Palestinians to Israel: Stop E-1 plan or we'll go to The Hague
Palestinian Foreign Minister Riad Malki says his government will have no choice but to take international action if settlement construction continues.
The Palestinians declared Wednesday that they will have no choice but to complain about Israel to the International Criminal Court if Israel proceeds with plans to build housing on land the Palestinians want for a future state.
Speaking to reporters after a meeting of the UN Security Council on the Middle East, Palestinian Foreign Minister Riad Malki said his government's decision will largely depend on what the Israelis do with the so-called E-1 area outside East Jerusalem.
"If Israel would like to go further by implementing the E-1 [settlement] plan and the other related plans around Jerusalem then yes, we will be going to the ICC," he said. "We have no other choice. It depends on the Israeli decision."
The Palestinians have previously suggested that bringing their various disputes with Israel to the Hague-based court was an option, but Malki's remarks on Wednesday were the most direct threat his government has made against the Jewish state to date.
The International Criminal Court prosecutes charges of genocide, war crimes and other major human rights violations. The Palestinians must first apply to join the court, and once a member they could refer Israel for investigation.
The Palestinians became eligible to join the ICC after the UN General Assembly upgraded the Palestinians' status at the world body in November from "observer entity" to "non-member state," a move that was widely seen as a de facto recognition of an independent Palestinian state.
After the November 29 vote - on the 65th anniversary of the adoption of UN resolution 181 that partitioned Palestine into separate Jewish and Arab states - Israel announced it would build 3,000 more settler homes in the West Bank and East Jerusalem, which are areas the Palestinians want for a future state, along with Gaza.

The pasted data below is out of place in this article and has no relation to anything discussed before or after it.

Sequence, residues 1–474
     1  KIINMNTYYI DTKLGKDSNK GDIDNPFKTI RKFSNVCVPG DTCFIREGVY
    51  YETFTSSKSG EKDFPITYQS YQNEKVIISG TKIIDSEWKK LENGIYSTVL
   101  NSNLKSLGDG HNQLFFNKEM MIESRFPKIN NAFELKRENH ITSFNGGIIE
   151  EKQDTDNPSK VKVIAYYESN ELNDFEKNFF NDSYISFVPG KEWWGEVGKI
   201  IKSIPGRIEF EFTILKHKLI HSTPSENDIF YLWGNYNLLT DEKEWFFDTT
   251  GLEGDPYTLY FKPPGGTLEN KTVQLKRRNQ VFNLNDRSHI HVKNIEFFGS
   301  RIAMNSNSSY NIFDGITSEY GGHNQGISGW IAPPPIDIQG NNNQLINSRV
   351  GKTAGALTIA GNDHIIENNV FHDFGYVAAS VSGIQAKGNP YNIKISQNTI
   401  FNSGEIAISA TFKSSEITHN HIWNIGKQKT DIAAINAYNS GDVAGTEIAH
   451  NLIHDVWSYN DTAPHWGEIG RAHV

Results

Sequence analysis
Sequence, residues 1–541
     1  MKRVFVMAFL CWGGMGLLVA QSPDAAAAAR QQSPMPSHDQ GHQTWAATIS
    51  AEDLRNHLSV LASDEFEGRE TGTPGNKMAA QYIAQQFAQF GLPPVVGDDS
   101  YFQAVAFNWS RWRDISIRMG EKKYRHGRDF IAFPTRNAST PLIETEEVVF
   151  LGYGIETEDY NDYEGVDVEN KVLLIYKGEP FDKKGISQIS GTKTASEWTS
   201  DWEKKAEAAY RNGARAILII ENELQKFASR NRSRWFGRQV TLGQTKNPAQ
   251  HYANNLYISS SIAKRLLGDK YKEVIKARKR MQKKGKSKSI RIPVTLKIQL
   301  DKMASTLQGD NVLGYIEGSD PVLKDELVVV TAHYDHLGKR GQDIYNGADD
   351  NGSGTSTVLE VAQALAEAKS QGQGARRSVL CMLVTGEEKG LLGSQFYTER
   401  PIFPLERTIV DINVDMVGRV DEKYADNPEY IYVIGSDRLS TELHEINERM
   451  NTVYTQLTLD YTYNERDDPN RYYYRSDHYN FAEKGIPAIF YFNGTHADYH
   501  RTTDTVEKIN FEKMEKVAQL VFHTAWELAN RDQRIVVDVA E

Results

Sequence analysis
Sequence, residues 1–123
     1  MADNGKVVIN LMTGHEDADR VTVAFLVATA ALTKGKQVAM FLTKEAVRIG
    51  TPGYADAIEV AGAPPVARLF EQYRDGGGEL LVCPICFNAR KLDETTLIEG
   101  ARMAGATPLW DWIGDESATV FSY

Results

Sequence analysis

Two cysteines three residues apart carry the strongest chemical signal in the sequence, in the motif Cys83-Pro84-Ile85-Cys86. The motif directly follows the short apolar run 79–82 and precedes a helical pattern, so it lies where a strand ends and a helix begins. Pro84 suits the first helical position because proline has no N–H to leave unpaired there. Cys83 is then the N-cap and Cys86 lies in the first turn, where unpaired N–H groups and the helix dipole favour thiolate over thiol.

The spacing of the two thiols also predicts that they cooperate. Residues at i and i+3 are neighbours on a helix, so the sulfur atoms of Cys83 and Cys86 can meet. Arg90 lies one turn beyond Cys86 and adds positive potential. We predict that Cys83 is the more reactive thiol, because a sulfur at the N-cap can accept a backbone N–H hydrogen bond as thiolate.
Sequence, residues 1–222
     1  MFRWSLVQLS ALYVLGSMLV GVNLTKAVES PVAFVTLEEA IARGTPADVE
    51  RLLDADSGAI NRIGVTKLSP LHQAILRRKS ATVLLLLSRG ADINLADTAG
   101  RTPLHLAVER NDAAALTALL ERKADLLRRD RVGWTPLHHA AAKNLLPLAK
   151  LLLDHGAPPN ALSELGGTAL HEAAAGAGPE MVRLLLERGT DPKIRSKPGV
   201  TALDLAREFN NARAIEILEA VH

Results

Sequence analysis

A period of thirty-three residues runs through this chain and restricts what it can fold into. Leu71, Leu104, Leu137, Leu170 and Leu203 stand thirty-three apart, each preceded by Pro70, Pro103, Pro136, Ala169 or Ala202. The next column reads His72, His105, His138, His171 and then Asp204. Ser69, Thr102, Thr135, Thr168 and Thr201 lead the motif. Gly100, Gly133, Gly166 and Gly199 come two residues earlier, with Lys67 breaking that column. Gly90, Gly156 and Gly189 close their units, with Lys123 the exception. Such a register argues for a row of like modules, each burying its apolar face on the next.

E1 covers some 12 square km (4.6 square miles) and is considered particularly important because it not only juts into the narrow "waist" of the West Bank, but also backs onto East Jerusalem, where Palestinians want to establish their capital.
Approximately 500,000 Israelis and 2.5 million Palestinians live in the West Bank and East Jerusalem. The United Nations deems all Israeli settlements in the West Bank to be illegal.
'State of Palestine'
UN Special Coordinator of the Middle East Peace Process Robert Serry, told the 15-nation Security Council settlements were contrary to international law and "increasingly an obstacle to peace." But he also warned the Palestinians against pursuing international action.
The council meeting on the Middle East represented its first public debate on the Israeli-Palestinian conflict since the Palestinian U.N. status upgrade. Malki and a number of council members referred to the "State of Palestine" in their speeches.
The words "State of Palestine" were also emblazoned on the name plate for the Palestinian delegation.
U.S. Ambassador to the United Nations Susan Rice made clear to the council that such public references to the "State of Palestine" do not make it a sovereign state.
"Any reference to the 'State of Palestine' in the United Nations, including the use of the term 'State of Palestine' on the placard in the Security Council or the use of the term 'State of Palestine' in the invitation ... do not reflect acquiescence that 'Palestine' is a state," she said.
The United States, Israel and seven other members of the 193-nation General Assembly voted against the Palestinian UN status upgrade in November.
The White House on Wednesday renewed its call for a resumption of long-stalled Israeli-Palestinian peace negotiations in the wake of Israeli elections in which Prime Minister Benjamin Netanyahu emerged the winner but with a weaker-than-expected showing for his right-wing bloc.
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